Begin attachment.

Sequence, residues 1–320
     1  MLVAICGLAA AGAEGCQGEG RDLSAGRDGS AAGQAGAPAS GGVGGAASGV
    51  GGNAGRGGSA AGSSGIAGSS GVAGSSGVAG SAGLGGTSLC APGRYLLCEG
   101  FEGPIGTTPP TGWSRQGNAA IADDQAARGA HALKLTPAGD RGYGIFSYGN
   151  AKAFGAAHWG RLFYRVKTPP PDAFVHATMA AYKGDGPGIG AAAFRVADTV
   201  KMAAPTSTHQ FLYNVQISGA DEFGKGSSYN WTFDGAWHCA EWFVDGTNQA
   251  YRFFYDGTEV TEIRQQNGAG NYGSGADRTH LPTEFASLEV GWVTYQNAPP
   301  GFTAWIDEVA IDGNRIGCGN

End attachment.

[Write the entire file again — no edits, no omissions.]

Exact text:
Sequence, residues 1–320
     1  MLVAICGLAA AGAEGCQGEG RDLSAGRDGS AAGQAGAPAS GGVGGAASGV
    51  GGNAGRGGSA AGSSGIAGSS GVAGSSGVAG SAGLGGTSLC APGRYLLCEG
   101  FEGPIGTTPP TGWSRQGNAA IADDQAARGA HALKLTPAGD RGYGIFSYGN
   151  AKAFGAAHWG RLFYRVKTPP PDAFVHATMA AYKGDGPGIG AAAFRVADTV
   201  KMAAPTSTHQ FLYNVQISGA DEFGKGSSYN WTFDGAWHCA EWFVDGTNQA
   251  YRFFYDGTEV TEIRQQNGAG NYGSGADRTH LPTEFASLEV GWVTYQNAPP
   301  GFTAWIDEVA IDGNRIGCGN